« Riding the slipstream | Back to blog home | Building the Theatres Protection Fund - our first steps »

JPenrose
John Penrose

Tourism Minister in ‘listening to the public’ shocker!

How was your Easter, then? ‘Wet’ was somehow too small a word for it, as I recall. But that said, you’ve got to hand it to the British weather, haven’t you? Scorching sunshine, sleet, or snow – the only predictable thing about Easter weather is its stubborn refusal to be predictable. You can’t completely blame it on our capricious climate though. Part of the reason for its sheer unreliability is the fact that Easter Sunday can fall on any one of 35 possible dates, with the earliest being 22 March and the latest 25 April*.

An Easter scene

Equinox and Easter Eggs

It’s all to do with calculating the first Sunday after the full moon following the northern hemisphere's vernal equinox, which allows for a pretty broad range of possible dates. And this year we are slap bang in the middle of that spectrum, with Easter falling on 8 April, more than a fortnight earlier than 2011. So this time we’d barely managed to find a home for the remains of the Christmas tree when the shops were filling their windows with Easter eggs, the chocolate lover’s annual triumph of hope over experience. But there we are. And there’s something to be said, I believe, for a bit of variety in time’s pageant – where would we be if every public holiday was blessed with glorious fresh and sunny weather? Don’t answer that...

Good Friday and Easter Monday

But the reason I mention this is because the flexibility of Easter Sunday also knocks on, obviously enough, to the timing for the Good Friday and Easter Monday bank holidays. Couple this with the way in which our other bank holidays inevitably shift – in most cases – in order to fall on a Monday or, like Christmas and Boxing Days, are on set dates but not set days of the week, and you get a sense of the highly-moveable feast that is our annual procession of public holidays.
So a year or so ago, when I was putting together the Tourism Strategy, we looked at the idea of seeing whether there was any scope for tweaking our system of bank holidays to help out the tourist industry. A number of extremely sensible people and organisations in the tourism world had argued that shifting the May Day holiday (this year falling next week on 7 May, just to underline the point I was just making) to either St George’s Day, or the equivalent Saint’s day in the other countries of the UK, or perhaps to a date in October coinciding with the Monday of school half term, could help the sector.

Morris Dancers

Morris DancersSo we put the proposal out for what’s called a pre-consultation, where we tested the water in a pretty general way, making it crystal clear that if there was no particular consensus - or a general feeling that the status quo was just fine, thank you very much - then that was what we’d go for. In the event, we had a pretty big response - including plenty of you having your say using the #bankhol hashtag on Twitter; tweets which, in a shining display of 21st Century Government, were all logged and considered alongside more traditional feedback. Your responses ranged from carefully-argued analysis of productivity and output at different times of the year, through to a waistcoat-wearing, bell-ringing, hanky-waving delegation of morris dancers, anxious to stake their claim for retaining a May Day bank holiday as a key part of our 15th century heritage**. It also became clear early on that lots of other interest groups had a case to make, albeit generally without accordion accompaniment or stick-whacking. The garden centre community, for example, see the May Day bank holiday as a sales hot-spot for the gardening lover’s annual ritual of buying bedding plants, or the odd perennial to fill a gap, or even some secateurs to replace the ones that mysteriously disappeared over the winter (but will turn up again in three years’ time).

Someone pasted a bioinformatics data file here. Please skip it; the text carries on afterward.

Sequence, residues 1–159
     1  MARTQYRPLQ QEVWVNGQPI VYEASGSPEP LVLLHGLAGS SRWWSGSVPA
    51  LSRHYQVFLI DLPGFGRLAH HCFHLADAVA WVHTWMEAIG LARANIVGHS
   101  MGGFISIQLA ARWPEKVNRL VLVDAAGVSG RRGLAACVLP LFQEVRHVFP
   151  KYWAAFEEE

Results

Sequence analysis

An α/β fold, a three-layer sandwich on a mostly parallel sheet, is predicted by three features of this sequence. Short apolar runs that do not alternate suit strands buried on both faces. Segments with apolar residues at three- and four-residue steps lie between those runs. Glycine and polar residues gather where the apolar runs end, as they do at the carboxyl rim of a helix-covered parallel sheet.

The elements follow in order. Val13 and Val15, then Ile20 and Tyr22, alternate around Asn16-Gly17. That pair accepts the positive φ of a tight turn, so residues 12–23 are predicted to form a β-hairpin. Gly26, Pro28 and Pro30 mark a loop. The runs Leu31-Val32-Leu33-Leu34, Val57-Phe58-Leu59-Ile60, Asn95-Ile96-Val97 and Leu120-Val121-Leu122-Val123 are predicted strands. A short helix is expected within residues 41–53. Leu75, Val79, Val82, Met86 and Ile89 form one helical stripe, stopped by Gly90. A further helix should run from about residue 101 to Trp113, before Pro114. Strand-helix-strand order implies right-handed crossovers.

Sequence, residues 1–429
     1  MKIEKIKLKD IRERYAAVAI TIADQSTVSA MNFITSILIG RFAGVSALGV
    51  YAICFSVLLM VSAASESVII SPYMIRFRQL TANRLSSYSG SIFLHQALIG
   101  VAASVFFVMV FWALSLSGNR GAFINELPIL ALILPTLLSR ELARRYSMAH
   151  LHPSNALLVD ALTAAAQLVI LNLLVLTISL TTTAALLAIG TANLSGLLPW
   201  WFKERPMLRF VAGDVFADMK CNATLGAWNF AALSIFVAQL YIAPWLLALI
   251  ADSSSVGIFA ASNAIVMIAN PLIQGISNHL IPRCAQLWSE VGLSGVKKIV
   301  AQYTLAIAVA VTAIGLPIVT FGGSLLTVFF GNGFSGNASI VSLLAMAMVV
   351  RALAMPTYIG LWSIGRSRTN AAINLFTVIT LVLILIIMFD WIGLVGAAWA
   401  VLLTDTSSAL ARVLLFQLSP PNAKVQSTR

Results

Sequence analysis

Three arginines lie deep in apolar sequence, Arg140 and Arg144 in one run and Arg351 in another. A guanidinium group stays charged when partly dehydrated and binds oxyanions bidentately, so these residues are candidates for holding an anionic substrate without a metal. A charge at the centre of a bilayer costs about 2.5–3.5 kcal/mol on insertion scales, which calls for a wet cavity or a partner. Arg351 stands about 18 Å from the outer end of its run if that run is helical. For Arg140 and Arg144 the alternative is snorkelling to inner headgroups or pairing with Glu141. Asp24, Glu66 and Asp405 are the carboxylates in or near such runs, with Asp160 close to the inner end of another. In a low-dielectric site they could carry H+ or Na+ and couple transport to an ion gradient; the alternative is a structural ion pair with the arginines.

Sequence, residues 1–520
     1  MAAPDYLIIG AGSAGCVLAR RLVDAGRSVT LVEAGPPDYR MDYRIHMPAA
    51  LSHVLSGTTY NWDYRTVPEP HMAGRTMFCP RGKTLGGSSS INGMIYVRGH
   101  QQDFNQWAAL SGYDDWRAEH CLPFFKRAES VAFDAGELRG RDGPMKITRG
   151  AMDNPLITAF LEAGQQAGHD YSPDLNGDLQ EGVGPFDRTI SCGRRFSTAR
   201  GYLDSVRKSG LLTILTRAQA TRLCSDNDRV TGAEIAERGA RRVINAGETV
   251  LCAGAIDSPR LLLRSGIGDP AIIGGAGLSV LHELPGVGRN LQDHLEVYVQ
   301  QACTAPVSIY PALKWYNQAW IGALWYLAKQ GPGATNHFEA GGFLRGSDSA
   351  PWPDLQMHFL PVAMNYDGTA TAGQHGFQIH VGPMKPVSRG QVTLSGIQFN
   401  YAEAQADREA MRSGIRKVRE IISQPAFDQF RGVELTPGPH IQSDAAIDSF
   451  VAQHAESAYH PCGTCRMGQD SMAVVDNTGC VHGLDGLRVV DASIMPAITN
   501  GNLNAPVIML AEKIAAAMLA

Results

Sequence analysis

And the winner is . . . The Status Quo

So no consensus. And – roll-of-drums – no change of bank holiday dates. And is this a victory for Merrie Englande lobbyists and a set-back for hoteliers; or is it a triumph for lawn-mower sellers and a defeat for punch-and-judy men? None of the above, really. More a case of doing what we said we’d do. Will there be headlines along the lines of MINISTER IN ‘DOING WHAT PUBLIC WANT’ SHOCKER? I rather doubt it.

As previously mentioned, the next bank holiday will be on 7 May, and I hope you have a splendid time. A great opportunity for a nice holiday-at-home, or a chance to stock up with a few spring splashes of colour for your hanging baskets and patio pots. Unless, of course, there’s still a chance of frost, which shouldn’t prevent you from the former, but could be the kiss of death for the latter.

*The last time it was as early as 22 March was in 1818 and it won’t happen again until 2285. The next time we get it on the latest possible date is 2038. And this is not a random sequence either – the order of Easter dates repeats itself after exactly 5,700,000 years, which is a suspiciously round number but just happens to be true (if the website I consulted is to be believed). Feel free to disprove this, if the fancy takes you, just don’t tell that chap on The Independent on Sunday who’ll use the fact in evidence against me, given half a chance.
**Morris dancing is not, I understand, the pre-Christian ritual that many believe. It gets wrapped up in the public’s imagination with dancing round the Maypole, but the latter is a much earlier tradition.



Goose image by Zenera on Flickr. Some rights reserved.
Morris dancing image by annaadi+ on Flickr. Some rights reserved.


Follow us on:

Follow DCMS on Facebook Follow DCMS on Twitter Follow DCMS on Flickr Follow DCMS on YouTube

Share: